A few Minitels may still be found in some post offices (great for looking free of charge in the White or Yellow Pages), and a few phone booths are still equipped with one - but no, now this is totally unlikely.

Internet

Internet access is available in cyber cafes all over large and medium-sized cities. Service is usually around €4 per hour.

In all major cities, there are multiple companies offering residential broadband service. Typical prices are €30 a month for unmetered ADSL (in speeds up to 24 megabits per second), digital HDTV over DSL and free unlimited voice-over-IP phone calls to land lines within France and about twenty other countries (EU,US,...) with external SIP access too (the price includes a modem/routeur/switch with integrated WiFi MiMo access point). Broadband services are very common in France, all over the country.

You'll also find wifi access (in Paris) in a lot of cafés usually those labelled a bit "trendy". There will be a sign on the door or on the wall. Also look for the @ symbol prominently displayed, which indicates internet availability. However, with most homes now wired for the internet, cyber cafes are increasingly hard to find, especially outside the major cities. In Paris, one popular WIFI free spot is the Pompidou Center. There is talk that the city intends to become the first major European capital providing free WIFI coverage for the whole city. Public parks and libraries in Paris are also covered.

Post

Post offices are found in all cities and villages but their time of operation vary. In the main cities the downtown office may be open during lunchtime, typically 09:00 to 18:00. Most offices are only open on Saturday morning and there is only one office in Paris which is open 24 hours and 365 days (in rue du Louvre).

Letter boxes are colored in yellow.

Parcels

International delivery services like FedEx, UPS, are available in cities, however you generally have to call them for them to come to you as they have very few physical locations.

Another option is to simply use La Poste with a wide network around the country and the same services as its competitors.

Electricity, water, etc.

Electricity is supplied at 220 to 230V 50Hz. Outlets are CEE7/5 (protruding male earth pin) and accept either CEE 7/5 (Grounded), CEE 7/7 (Grounded) or CEE 7/16 (non-grounded) plugs. Older German-type CEE 7/4 plugs are not compatible as they do not accommodate the earth pin found on this type of outlet. However, most modern European appliances are fitted with the hybrid CEE 7/7 plug which fits both CEE 7/5 (Belgium & France) and CEE 7/4 (Germany, Netherlands, Spain, Sweden and most of Europe) outlets.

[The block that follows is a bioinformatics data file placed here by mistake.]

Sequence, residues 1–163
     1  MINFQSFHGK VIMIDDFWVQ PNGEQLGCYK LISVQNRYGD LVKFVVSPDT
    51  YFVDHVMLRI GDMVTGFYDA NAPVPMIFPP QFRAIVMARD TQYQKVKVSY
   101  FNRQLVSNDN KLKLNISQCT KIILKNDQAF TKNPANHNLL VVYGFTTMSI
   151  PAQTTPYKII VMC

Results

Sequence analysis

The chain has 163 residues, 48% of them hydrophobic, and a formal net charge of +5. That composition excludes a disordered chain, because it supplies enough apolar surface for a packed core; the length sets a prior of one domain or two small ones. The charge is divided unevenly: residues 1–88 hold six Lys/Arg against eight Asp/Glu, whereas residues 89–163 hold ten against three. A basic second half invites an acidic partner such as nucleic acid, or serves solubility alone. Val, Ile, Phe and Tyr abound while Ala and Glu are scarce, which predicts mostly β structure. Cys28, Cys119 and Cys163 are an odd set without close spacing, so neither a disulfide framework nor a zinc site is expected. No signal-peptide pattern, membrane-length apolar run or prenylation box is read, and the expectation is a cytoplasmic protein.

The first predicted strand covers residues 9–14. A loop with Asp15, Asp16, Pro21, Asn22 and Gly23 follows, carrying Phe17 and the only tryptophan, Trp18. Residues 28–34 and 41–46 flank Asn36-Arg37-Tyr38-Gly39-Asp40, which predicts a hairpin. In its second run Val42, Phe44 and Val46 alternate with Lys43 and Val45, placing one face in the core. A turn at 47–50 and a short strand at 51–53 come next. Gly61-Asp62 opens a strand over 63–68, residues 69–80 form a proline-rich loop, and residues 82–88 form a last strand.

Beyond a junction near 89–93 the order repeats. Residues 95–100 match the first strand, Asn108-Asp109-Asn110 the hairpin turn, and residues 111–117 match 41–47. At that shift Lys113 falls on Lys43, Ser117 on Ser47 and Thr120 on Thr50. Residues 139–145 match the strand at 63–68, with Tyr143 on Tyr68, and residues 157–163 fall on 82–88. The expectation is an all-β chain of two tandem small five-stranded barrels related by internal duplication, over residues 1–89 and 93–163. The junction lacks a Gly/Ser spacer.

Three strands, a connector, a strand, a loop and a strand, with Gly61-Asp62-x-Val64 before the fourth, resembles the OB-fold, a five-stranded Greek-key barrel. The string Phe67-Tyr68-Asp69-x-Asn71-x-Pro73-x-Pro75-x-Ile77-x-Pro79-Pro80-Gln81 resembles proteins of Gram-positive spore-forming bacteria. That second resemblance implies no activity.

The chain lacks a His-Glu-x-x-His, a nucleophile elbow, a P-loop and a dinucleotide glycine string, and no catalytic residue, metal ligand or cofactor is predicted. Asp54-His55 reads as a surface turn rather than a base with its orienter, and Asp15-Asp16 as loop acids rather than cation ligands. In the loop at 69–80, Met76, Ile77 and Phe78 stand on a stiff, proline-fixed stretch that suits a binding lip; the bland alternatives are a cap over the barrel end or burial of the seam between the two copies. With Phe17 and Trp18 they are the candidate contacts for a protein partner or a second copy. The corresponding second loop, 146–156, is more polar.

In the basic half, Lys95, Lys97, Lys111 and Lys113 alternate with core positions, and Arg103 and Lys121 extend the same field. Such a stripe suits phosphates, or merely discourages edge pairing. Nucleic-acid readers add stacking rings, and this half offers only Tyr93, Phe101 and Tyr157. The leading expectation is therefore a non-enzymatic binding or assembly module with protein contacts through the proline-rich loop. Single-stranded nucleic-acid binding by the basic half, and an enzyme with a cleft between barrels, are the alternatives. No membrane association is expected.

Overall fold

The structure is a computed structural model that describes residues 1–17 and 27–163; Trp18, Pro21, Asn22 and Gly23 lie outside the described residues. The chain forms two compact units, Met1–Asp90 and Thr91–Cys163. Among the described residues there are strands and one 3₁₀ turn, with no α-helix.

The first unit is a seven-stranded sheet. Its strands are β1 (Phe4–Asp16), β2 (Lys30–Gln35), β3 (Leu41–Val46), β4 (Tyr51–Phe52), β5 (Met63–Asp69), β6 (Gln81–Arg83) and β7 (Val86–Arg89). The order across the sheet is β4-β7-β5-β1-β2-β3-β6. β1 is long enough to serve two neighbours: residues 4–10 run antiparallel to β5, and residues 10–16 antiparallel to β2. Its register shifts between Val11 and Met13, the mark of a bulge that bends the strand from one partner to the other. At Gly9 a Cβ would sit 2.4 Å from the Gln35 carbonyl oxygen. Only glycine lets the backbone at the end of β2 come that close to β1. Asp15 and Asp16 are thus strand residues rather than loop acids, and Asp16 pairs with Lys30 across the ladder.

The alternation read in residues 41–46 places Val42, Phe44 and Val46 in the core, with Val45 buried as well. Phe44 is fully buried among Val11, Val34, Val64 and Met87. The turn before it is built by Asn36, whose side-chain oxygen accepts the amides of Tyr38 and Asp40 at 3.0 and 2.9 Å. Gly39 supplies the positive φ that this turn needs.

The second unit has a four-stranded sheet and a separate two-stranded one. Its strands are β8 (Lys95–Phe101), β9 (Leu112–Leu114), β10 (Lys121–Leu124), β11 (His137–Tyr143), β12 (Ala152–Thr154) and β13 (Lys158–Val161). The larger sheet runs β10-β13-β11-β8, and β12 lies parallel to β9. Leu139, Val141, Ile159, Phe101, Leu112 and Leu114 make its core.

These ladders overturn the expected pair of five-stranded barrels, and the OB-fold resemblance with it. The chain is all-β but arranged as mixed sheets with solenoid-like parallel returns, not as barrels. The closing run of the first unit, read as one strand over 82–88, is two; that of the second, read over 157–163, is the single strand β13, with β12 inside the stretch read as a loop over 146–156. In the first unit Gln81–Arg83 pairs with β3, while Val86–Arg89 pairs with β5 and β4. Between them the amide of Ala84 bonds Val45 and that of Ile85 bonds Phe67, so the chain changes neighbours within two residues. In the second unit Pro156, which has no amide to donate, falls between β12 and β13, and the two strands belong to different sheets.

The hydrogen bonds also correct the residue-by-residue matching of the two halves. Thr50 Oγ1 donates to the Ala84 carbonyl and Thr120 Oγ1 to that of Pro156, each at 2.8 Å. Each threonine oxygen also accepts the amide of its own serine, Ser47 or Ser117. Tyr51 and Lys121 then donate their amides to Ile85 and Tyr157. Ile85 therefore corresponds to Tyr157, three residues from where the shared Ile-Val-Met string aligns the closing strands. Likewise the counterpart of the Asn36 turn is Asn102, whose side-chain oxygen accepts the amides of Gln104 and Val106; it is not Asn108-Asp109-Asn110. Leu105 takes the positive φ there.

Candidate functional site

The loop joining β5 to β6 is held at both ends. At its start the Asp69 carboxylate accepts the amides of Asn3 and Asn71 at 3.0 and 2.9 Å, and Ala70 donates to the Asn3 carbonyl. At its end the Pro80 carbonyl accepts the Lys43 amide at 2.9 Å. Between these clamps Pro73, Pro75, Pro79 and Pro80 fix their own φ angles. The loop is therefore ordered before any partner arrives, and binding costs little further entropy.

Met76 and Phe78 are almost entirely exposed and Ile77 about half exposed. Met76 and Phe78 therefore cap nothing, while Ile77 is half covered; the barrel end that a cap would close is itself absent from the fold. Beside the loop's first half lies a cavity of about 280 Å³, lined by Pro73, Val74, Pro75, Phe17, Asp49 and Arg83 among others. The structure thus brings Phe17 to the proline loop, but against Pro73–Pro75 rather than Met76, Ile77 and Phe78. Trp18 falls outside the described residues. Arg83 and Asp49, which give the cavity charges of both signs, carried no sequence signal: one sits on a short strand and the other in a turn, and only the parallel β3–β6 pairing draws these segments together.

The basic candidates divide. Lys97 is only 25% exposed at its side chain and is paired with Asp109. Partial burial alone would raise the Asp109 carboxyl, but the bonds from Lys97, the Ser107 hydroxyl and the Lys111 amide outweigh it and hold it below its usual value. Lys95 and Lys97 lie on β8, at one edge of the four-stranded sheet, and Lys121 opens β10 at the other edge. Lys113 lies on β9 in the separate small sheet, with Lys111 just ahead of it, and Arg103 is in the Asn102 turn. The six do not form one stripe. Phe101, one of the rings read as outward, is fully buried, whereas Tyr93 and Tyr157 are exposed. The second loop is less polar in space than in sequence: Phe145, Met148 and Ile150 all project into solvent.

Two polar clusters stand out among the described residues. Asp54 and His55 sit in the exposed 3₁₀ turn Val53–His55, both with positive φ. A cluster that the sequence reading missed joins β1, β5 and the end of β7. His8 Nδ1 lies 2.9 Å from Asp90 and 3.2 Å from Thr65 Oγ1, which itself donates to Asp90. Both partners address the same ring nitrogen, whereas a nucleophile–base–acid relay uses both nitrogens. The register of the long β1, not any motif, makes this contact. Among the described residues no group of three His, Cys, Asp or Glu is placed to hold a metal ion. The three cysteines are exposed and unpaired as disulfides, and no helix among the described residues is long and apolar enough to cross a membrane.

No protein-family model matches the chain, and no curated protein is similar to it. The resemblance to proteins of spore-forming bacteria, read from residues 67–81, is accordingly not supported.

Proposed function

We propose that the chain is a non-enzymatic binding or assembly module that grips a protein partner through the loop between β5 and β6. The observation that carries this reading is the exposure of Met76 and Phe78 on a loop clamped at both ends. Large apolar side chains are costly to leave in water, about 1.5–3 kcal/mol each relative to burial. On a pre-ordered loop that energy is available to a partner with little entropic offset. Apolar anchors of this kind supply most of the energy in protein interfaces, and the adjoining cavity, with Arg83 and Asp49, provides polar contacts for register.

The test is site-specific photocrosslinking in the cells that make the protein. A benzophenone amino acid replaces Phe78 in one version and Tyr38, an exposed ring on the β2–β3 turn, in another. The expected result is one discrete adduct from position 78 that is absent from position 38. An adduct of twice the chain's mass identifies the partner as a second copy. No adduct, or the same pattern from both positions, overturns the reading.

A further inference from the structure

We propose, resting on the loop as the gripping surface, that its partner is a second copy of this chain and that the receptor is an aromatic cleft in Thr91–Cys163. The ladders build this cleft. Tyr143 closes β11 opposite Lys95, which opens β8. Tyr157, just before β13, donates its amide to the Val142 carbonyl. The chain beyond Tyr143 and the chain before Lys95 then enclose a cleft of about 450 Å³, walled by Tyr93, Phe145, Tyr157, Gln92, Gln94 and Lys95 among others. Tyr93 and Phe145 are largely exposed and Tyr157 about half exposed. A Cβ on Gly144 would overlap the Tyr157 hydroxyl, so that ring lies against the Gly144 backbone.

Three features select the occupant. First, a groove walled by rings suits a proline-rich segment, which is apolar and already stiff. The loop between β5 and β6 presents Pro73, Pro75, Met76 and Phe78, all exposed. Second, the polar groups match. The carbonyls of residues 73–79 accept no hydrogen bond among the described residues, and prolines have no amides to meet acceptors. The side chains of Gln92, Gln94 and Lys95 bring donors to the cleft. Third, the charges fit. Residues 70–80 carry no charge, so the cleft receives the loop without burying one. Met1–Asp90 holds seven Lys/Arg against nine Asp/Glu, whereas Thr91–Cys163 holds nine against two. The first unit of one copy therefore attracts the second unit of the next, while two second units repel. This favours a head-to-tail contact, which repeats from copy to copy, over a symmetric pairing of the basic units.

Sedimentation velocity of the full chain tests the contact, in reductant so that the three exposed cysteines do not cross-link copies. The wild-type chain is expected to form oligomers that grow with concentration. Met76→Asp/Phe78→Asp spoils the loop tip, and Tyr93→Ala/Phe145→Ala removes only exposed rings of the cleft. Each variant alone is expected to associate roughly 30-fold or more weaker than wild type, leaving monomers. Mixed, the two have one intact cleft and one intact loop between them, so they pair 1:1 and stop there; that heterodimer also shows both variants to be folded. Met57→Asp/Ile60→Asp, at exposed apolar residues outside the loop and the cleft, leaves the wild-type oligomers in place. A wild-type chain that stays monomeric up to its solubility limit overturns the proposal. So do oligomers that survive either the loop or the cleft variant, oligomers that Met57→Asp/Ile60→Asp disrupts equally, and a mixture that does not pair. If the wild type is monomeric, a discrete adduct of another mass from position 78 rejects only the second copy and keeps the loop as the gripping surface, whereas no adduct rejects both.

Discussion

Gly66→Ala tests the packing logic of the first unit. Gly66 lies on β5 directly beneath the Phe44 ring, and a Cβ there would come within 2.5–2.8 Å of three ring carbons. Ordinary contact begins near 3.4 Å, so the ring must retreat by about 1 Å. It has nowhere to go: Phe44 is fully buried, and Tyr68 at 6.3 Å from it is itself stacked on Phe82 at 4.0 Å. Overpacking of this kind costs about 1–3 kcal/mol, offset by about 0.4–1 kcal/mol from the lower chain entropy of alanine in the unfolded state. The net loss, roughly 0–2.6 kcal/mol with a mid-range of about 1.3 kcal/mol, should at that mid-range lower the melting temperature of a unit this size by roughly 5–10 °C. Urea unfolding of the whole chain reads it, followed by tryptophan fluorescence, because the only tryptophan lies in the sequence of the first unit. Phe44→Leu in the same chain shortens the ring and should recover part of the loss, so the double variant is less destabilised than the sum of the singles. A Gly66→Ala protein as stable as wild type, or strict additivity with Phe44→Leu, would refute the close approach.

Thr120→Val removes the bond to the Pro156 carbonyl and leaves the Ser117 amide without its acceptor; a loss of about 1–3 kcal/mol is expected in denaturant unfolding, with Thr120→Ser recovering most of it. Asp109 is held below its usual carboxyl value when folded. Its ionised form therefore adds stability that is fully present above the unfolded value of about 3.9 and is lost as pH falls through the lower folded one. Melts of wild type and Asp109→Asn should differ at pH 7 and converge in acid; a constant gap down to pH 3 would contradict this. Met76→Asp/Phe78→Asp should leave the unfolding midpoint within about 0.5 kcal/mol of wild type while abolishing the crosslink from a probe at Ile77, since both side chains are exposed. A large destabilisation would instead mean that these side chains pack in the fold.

Travellers from the UK, Ireland, Australia, New Zealand, Denmark, Italy, Switzerland and other countries using 230V 50Hz which use different plugs simply require a plug adaptor to use their appliances in France. Plug adaptors for plugs from the US and UK are available from electrical and "do-it-yourself" stores such as Bricorama.

Travellers from the US, Canada, Japan and other countries using 110V 60Hz may need a voltage converter. However, some laptops, mobile phone chargers and other devices can accept either 110V or 230V so only require a simple plug adaptor. Check the voltage rating plates on your appliances before connecting them.

Tap water (Eau du robinet) is drinkable, except in rare cases such as rural rest areas and sinks in train bathrooms, in which case it will be clearly signposted as Eau non potable. Eau potable is drinkable water. (You may, however, not like the taste which may be chlorinated or so, and prefer bottled water.)

Toilets are available in restaurants, cafés; there are also public facilities, which generally charge a fee. Note that American euphemisms such as "restroom", "washroom" etc. will often not be understood; ask for "toilets". In older public facilities, particularly those that do not charge or isolated rest areas, you may encounter squat toilets.